How Are We Doing? Corporate Water Stewardship and Reporting
Getting credit for good water ethics helps companies make a "business case" for doing the right thing. CDP's Global Water Report 2014 (10 MB) was "written on behalf of 573 investors with US$60 trillion in assets". For an overview of CDP's water program, see this presentation by Cate Lamb (head of CDP's water program) at the UN Water Conference in Zaragosa, Spain, earlier this month.
The CEO Water Mandate, representing some 100 companies that endorse a mandate of six water-related actions, has recently come out with its own set of Corporate Water Disclosure Guidelines, with input from CDP and other groups.
A closely related initiative is the Water Stewardship Standard developed by the Alliance for Water Stewardship. The Standard prescribes what should be done, while the reporting guidelines provide an incentive for doing them.
Fracking and Water Ethics
The Environmental Costs and Benefits of Fracking, by Robert Jackson et al. appears in the current issue of the Annual Review of Environmental Resources, Vol. 39: 327-362, 2014. Click here for a summary of the article from Think to Sustain. A Global Water Forum Policy Brief on Water Impacts from Fracking, by Ben Roberts-Pierel, also urges caution, while the NGO, Wild Earth Guardians suggests a strict set of fracking guidelines to protect people and the environment in Colorado
A Charter for the Future
The German government has released its "Charter for the Future", based on citizen responses to the question, ‘What exactly will it take to achieve a unified world vision based on the principles of sustainability and fairness?’ See this blog post by Imme Scholz (German Development Institute).
A Theological Framework for Water Justice
has been developed by the Ecumenical Water Network of the World Council of Churches based on a consultation held in Bossey, Switzerland, from 8-11 December. The proceedings will be published later this year.
Water Management Guidlines for Chemical Production Plants have been issued by the European Chemical Industry Council (CEFIC).
Leo Heller has been named UN Special Rapporteur on the human right to safe drinking water and sanitation, replacing Catarina de Albuquerque. As Special Rapporteur, Heller will carry out thematic research, undertake country missions, collect good practices and work with key stakeholders on the implementation of the rights to water and sanitation. More details on the OHCHR website.
The Joint Principles for Adaptation are a statement by civil society organisations from across the world of what they consider to be a benchmark for good adaptation planning, including water.
Targeted Scenario Analysis: Presenting Ecosystem Service Values for Decision Making (Dec. 2013), is a new guidebook from UNDP intended to overcome the bias of convention when making new design and investment decisions.
Human Rights Standards for Conservation: An Analysis of Responsibilities, Rights and Redress for Conservation, a report from IIED by H. Jonas, D. Roe, and J.E. Makagon.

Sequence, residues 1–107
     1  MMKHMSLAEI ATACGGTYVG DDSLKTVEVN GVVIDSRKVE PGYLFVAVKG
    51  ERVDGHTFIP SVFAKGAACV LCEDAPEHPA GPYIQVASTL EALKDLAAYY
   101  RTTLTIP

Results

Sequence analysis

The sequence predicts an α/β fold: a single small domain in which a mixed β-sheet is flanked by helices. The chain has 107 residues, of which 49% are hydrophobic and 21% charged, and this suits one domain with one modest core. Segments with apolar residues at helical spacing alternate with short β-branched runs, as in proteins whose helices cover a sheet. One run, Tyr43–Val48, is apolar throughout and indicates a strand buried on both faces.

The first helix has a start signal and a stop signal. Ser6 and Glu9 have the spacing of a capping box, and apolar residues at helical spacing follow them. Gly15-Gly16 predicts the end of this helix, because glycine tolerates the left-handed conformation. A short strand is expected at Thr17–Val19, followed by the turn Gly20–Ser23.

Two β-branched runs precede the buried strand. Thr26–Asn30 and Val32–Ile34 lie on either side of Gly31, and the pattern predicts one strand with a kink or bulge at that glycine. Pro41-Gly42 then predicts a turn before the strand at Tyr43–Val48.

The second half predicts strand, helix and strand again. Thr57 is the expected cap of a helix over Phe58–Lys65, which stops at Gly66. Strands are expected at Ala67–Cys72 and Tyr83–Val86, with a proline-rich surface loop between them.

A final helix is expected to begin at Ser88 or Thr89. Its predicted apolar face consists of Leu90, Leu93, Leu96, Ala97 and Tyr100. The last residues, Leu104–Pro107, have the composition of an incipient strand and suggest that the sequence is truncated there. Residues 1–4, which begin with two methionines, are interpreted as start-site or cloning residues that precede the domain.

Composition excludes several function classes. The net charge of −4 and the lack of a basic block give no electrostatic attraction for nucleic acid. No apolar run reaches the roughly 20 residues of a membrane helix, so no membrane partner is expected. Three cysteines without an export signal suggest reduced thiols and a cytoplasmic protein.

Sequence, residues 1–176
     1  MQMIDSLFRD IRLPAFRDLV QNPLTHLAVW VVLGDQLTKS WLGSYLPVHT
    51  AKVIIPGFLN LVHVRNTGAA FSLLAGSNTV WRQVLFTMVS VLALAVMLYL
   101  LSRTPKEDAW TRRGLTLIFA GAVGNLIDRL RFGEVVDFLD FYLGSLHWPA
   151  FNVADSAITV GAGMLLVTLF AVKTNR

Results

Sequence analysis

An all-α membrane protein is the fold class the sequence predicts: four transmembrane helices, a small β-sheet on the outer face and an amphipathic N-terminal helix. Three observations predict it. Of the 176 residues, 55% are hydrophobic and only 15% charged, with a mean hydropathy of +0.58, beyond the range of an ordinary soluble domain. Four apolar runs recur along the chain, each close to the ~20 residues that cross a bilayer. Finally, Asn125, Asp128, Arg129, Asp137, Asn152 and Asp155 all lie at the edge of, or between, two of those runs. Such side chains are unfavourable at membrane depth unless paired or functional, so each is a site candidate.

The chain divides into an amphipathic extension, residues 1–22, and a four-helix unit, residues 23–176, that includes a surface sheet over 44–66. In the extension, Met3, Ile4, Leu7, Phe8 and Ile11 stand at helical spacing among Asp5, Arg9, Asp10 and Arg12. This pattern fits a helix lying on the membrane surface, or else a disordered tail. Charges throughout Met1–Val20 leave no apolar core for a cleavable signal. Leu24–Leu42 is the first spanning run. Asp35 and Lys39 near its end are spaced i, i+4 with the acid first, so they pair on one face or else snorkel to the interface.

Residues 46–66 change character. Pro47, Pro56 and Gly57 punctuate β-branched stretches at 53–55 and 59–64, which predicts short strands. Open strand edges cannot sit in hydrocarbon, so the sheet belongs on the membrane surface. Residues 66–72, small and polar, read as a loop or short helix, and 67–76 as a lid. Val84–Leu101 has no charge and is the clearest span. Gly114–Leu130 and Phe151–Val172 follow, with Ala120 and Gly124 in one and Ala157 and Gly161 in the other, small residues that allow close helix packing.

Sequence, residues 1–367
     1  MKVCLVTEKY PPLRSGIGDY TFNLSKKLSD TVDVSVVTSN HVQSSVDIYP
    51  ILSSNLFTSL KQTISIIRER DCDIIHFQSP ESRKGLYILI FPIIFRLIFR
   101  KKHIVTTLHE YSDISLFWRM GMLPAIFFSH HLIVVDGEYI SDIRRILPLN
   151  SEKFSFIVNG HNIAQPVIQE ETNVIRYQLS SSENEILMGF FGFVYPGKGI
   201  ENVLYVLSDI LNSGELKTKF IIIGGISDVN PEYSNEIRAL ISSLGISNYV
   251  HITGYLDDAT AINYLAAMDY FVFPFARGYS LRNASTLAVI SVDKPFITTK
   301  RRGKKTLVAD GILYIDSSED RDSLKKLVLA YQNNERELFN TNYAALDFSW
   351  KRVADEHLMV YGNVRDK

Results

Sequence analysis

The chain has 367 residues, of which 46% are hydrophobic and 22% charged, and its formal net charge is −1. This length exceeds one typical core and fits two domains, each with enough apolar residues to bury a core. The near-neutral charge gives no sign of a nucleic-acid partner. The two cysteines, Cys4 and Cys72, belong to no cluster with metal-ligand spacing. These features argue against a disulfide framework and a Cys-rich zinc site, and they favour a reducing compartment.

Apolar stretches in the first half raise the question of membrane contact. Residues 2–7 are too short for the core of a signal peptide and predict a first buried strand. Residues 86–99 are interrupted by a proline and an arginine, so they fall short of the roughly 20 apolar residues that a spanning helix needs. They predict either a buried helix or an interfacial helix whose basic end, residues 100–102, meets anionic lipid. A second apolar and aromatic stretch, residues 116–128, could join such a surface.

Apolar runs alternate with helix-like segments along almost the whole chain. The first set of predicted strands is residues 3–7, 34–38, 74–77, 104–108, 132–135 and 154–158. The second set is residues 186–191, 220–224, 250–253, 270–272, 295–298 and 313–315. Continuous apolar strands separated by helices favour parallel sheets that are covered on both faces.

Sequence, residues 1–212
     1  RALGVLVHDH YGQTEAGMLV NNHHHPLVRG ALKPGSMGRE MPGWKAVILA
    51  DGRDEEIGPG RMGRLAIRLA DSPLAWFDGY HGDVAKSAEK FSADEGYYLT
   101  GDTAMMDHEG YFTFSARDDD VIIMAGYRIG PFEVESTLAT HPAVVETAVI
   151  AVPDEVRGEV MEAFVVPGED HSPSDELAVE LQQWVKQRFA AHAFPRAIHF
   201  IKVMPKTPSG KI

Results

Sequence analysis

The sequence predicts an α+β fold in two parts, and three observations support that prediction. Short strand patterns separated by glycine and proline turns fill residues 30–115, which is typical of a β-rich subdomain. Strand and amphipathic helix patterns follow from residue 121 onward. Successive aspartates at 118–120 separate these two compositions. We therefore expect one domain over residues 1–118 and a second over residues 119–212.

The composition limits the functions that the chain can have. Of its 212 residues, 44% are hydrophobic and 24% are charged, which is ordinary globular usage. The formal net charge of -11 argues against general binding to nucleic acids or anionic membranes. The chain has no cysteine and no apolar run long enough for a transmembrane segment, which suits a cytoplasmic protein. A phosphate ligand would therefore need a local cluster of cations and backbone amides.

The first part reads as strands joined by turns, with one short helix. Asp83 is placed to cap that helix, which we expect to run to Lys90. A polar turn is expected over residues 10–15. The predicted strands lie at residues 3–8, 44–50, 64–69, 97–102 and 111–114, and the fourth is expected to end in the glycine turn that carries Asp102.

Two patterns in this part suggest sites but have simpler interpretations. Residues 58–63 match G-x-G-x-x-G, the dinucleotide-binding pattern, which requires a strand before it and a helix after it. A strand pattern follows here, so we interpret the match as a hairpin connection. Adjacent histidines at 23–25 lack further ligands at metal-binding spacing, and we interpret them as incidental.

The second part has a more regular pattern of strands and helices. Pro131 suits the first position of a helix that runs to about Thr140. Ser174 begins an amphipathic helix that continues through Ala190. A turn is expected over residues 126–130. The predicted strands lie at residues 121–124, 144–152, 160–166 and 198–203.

Women's Climate Action Agenda a report from WECAN (Women's Earth and Climate Action Network) by O. Orielle Lake, C. Greensfelder, and E. Colligan, advocates for "an earth-respecting cultural narrative."
Ethical aspects in the economic modeling of water policy options, by A. Biewald, M. Kowarsch, H. Lotze-Campen, and D. Gerten, in Global Environmental Change, presents conceptual tools to analyze and constructively deal with normative assumptions in applied economic models.
The Road to Dignity by 2030: Ending Poverty, Transforming All Lives and Protecting the Planet, a report from the UN Secretary-General to the General Assembly, proposes six "essential elements" for the post-2015 development agenda: dignity, people, prosperity, planet, justice, and partnerships.
The Mining Working Group’s response to the Secretary-General's report proposes stronger human rights language, particularly for the SDG on the human right to water and sanitation.
Towards Achieving Food and Nutrition Security, and Changing Course in Global Agriculture, a discussion paper from Biovision-Foundation is also intended as input to the post-2015 development agenda.
Water-focused landscape management, by M. van Noordwijk et. al., is the water chapter from the new book, Climate-Smart Landscapes: Multifunctionality In Practice, published by the World Agroforestry Centre (ICRAF).
Biodiversity Mainstreaming Toolbox for land-use planning and development in Gauteng, (6MB) is a detailed guidance document from ICLEI which, though focusing on the region of Johannesburg, South Africa, has broad relevance to both land and water planning everywhere. [Thanks to Leslie Kryder for this info.]
Shopping for Water: How the Market Can Mitigate Water Shortages in the American West, a discussion paper from Brookings Institute by P. Culp, R. Glennon, and G. Libecap proposes unleashing water markets as a means to save water ecosystems.
SIWW Blue Paper 2014 (3 MB) is a summary report from Singapore International Water Week in June 2014.
Saving the Colorado River Delta, One Habitat at a Time is a report and video from National Geographic about efforts to restore flow to the delta through pulsed releases from the lowermost dam on the system. [Thanks to Sandra Postel for this info.]
Los Angeles, City of Water, a New York Times report by Jacques Leslie, documents how water ethics are changing in this unexpectedly environmentally concerned city.
Vatican statement to the High-Level segment of COP 20 in Lima might be a foretaste of the Pope's highly anticipated encyclical on the environment.
Applying the Water Stewardship Standard in Australia is the summary of a presentation by Michael Spencer, (Alliance for Water Stewardship), presented at the UN-Water conference in Zaragosa, Jan. 2015.
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